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Bad Neuenahr-Ahrweiler, Germany | The death toll from Germany's worst floods in living memory rose to 165 on Monday as emergency services continued to comb through decimated towns in search of dozens of people still missing.
A deluge of rain fell over western Germany over two days last week, sending torrents of water rushing down streets, sweeping away trees, cars and sheds, and destroying swathes of housing.
Many victims have been found dead in sodden cellars after attempting to retrieve valuables, while others were swept away by the sheer force of the water.
Emergency workers have been out in force to assess damaged buildings, clear debris and restore gas, electricity and telephone services.
In some areas, police have deployed speedboats and divers to retrieve bodies.
A total of 117 people are now confirmed to have died in Rhineland-Palatinate state, a police spokesman told AFP, with 47 victims in neighbouring North Rhine-Westphalia and one in Bavaria.
German Interior Minister Horst Seehofer and Armin Laschet, the head of North Rhine-Westphalia state and the frontrunner to succeed Angela Merkel as chancellor, were on Monday due to visit the Euskirchen, one of the worst-affected towns.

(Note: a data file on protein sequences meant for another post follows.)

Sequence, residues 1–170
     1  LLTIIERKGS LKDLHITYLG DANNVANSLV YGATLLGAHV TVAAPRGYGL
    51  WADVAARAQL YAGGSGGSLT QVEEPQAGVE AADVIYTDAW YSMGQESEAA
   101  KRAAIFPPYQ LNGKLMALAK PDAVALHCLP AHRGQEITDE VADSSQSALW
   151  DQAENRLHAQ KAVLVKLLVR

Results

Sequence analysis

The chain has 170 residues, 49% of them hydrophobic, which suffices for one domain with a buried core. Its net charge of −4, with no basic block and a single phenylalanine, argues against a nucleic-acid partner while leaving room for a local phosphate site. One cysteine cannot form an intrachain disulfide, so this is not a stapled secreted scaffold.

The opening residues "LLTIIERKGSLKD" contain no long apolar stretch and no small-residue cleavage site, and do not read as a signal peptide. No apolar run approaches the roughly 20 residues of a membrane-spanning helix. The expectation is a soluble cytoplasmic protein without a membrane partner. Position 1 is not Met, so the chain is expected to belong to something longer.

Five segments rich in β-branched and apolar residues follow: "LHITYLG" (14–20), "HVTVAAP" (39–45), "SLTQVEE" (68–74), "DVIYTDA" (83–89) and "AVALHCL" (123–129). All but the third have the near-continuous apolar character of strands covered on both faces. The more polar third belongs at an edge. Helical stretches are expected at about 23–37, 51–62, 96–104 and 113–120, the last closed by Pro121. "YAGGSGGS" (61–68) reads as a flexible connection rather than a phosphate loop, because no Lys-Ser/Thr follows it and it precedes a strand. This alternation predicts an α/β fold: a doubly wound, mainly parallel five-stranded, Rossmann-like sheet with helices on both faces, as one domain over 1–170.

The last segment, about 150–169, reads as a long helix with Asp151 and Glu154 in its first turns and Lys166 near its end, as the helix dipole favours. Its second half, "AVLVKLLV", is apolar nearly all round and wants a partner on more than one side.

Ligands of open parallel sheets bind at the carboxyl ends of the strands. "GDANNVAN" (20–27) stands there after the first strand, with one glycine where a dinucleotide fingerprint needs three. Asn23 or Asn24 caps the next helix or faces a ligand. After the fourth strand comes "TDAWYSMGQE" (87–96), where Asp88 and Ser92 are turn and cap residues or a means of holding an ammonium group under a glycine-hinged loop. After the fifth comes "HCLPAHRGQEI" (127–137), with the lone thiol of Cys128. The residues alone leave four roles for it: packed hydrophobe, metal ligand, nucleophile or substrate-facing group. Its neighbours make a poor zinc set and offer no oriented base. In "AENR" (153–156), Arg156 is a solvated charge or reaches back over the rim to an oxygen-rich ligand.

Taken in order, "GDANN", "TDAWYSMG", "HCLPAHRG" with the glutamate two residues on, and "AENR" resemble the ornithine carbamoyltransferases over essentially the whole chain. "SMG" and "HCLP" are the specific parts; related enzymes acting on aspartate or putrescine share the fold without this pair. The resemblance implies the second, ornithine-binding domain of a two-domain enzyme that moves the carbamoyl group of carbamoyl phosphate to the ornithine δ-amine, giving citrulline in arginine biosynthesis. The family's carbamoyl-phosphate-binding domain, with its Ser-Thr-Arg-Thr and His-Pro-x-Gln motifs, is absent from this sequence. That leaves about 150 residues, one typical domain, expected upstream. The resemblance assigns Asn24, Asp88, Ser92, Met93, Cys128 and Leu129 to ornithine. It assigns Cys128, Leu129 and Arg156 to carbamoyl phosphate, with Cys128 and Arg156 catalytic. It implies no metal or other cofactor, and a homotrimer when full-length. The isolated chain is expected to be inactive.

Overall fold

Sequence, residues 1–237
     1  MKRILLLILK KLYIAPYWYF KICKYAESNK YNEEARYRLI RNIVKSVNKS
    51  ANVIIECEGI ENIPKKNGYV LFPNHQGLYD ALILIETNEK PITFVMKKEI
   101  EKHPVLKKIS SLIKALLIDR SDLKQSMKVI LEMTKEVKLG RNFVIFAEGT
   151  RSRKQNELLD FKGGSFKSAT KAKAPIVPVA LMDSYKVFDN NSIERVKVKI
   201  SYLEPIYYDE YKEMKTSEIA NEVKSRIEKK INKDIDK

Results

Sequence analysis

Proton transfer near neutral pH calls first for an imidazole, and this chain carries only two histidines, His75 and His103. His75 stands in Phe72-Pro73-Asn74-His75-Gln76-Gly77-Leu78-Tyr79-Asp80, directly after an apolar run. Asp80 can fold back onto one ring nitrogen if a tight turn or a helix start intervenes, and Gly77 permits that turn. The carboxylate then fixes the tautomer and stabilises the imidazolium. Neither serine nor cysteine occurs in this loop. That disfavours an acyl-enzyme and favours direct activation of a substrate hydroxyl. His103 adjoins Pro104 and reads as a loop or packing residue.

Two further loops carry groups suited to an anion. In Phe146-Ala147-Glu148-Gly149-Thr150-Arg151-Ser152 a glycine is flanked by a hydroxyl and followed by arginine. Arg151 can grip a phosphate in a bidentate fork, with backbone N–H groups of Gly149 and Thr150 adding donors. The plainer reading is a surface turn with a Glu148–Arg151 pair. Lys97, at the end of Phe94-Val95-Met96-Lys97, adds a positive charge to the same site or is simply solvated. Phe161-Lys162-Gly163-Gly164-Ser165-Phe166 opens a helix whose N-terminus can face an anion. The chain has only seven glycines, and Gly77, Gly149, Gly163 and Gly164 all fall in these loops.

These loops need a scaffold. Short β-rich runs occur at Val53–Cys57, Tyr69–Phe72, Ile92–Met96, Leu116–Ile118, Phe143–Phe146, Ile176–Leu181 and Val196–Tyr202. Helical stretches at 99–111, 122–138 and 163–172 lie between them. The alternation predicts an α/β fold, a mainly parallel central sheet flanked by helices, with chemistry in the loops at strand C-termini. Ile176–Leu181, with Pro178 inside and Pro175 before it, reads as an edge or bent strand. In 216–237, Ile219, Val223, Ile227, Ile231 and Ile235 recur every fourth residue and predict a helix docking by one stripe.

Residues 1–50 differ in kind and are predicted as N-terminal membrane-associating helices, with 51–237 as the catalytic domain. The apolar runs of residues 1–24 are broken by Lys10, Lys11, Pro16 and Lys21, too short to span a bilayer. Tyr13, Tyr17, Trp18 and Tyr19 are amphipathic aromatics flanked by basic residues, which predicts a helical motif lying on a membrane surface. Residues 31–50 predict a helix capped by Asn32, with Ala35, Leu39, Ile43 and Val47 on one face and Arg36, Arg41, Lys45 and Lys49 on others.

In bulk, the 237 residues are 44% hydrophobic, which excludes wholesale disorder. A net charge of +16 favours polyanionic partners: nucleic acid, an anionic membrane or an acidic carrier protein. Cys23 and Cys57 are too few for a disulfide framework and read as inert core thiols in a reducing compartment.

On Sunday, Merkel visited the town of Schuld, calling the devastation "shocking" and calling for the world to speed up efforts to tackle the climate crisis.
The disaster has catapulted climate change to the top of the agenda in Germany, ahead of September 26 polls that will mark the end of Merkel's 16 years in power.
Experts say that because a warmer atmosphere holds more water, climate change increases the risk and intensity of flooding from extreme rainfall.
Heavy rainfall has also battered southern Germany, as well as Belgium, Switzerland, Luxembourg, the Netherlands and Austria in recent days.
At least 31 people have died in Belgium.
The high death toll has also brought scrutiny to Germany's weather alert system and whether people in the risk zones were notified early enough.
© Agence France-Presse